Stephen Smyth, spokesman for ATG Training, the provider that trains Apprentices noted that numerous studies have made it clear that apprenticeships deliver massive benefits both for employers and their young trainees. Given the importance of apprenticeships for building the UK’s future talent base and tackling the problem of youth unemployment, the government has made it a priority to promote vocational training. But it needs to offer employers more support and bring its initiatives to a much wider corporate audience, according to the Recruitment and Employment Confederation (REC). The recruitment industry association was prompted to make this statement after its latest JobsOutlook survey established that 71% of employers have yet to make apprenticeships part of their talent strategy.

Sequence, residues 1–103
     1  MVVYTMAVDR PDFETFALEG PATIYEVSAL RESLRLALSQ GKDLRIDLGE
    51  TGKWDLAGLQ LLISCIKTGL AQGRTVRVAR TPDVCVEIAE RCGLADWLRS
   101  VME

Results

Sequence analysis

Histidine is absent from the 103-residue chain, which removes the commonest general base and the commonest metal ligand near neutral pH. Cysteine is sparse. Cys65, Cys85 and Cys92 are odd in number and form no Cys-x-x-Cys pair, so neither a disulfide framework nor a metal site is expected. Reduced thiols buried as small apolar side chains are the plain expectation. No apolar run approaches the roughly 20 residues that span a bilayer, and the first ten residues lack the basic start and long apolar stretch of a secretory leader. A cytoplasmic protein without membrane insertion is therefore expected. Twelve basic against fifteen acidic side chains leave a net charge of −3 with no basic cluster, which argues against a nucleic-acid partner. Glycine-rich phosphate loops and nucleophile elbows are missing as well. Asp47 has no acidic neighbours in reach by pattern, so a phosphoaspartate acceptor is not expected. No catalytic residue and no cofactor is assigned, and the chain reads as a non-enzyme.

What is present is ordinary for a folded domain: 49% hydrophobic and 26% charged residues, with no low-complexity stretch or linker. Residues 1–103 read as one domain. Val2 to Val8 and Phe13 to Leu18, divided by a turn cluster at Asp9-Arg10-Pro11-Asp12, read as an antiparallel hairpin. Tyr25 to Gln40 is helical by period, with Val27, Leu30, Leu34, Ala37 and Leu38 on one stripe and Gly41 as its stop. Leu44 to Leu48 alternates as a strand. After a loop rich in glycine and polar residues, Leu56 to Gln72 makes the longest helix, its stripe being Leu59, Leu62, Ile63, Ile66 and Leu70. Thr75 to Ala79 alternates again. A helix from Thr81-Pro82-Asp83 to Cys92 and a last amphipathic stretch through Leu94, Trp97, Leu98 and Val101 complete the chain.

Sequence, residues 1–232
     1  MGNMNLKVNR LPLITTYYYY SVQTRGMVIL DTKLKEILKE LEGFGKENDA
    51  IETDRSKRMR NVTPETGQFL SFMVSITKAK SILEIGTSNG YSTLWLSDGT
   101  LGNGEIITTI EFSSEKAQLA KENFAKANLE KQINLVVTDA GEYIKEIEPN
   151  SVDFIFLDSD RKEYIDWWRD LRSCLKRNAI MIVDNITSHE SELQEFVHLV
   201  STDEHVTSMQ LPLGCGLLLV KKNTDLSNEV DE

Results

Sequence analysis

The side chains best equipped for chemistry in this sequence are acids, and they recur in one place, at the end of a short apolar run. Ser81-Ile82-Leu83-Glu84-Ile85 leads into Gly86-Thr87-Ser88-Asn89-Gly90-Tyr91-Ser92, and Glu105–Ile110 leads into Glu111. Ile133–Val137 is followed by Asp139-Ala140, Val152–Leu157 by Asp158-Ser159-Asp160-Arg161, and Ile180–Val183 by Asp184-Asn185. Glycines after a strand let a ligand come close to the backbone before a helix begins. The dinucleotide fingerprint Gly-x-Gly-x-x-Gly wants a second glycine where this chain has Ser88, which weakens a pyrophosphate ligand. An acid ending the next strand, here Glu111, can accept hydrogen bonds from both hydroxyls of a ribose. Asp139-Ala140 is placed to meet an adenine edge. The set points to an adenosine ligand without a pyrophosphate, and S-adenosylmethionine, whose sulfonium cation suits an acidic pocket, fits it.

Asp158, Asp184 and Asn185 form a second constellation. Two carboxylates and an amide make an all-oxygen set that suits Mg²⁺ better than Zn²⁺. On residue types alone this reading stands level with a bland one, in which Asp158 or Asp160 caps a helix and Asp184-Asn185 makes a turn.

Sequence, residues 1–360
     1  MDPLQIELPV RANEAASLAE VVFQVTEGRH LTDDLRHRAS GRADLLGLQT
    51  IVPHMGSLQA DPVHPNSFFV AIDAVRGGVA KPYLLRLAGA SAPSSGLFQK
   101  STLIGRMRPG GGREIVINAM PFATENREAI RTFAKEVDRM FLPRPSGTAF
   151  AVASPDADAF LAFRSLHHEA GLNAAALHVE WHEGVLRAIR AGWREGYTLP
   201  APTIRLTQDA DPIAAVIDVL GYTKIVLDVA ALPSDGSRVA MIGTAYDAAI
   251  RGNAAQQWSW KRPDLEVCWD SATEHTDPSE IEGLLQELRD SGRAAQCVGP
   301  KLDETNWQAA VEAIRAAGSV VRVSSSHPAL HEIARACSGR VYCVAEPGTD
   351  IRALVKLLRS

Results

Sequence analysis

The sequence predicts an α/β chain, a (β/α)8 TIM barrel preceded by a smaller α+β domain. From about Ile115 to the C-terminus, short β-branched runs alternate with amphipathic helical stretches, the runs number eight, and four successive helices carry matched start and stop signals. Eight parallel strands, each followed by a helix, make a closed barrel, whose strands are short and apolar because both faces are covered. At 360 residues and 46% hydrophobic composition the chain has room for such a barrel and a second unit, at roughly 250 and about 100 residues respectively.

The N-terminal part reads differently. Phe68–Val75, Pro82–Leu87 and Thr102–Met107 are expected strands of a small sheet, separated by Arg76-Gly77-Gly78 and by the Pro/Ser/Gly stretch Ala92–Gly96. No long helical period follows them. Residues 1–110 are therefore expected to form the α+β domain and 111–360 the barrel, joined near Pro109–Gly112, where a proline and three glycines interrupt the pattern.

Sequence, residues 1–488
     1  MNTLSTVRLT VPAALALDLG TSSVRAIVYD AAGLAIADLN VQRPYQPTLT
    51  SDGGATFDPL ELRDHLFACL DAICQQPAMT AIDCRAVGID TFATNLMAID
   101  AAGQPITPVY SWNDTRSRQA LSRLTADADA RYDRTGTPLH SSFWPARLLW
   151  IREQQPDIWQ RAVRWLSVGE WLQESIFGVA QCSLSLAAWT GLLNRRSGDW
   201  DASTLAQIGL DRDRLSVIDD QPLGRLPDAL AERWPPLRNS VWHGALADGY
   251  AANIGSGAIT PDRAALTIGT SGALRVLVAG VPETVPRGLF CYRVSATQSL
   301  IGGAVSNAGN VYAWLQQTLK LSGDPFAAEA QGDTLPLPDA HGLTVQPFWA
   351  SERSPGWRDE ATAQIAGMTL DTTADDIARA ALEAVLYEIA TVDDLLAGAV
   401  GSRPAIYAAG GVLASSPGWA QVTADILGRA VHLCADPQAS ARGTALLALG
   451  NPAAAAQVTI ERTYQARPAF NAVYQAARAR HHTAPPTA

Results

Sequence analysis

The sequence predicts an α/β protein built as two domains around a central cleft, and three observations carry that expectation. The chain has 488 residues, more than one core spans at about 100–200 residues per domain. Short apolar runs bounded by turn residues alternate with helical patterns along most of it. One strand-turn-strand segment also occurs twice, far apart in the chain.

Among the 600 employers participating in the survey, 200 were asked whether they offered apprenticeships. Interestingly, 3% did not know the answer to that question but more important is the fact that only 26% said they ran apprenticeship programmes.
Commenting on the findings, REC chief executive Kevin Green stated that UK companies still had much work to do with regard to apprenticeships. The employers that have yet to embrace this practice should give their recruitment strategy serious consideration because they will find it difficult to meet their talent needs otherwise, both at present and in the future.
Green went on to add that the REC was keenly aware of how important it was to engage young people and help employers attract talented staff. But it is also very important that the government provide more support to apprentice recruiters, as well as ensure that information about various schemes reaches as many employers as possible. Previous research by the REC found that only 18% of employers were aware of and would use the Youth Contract scheme, Green noted.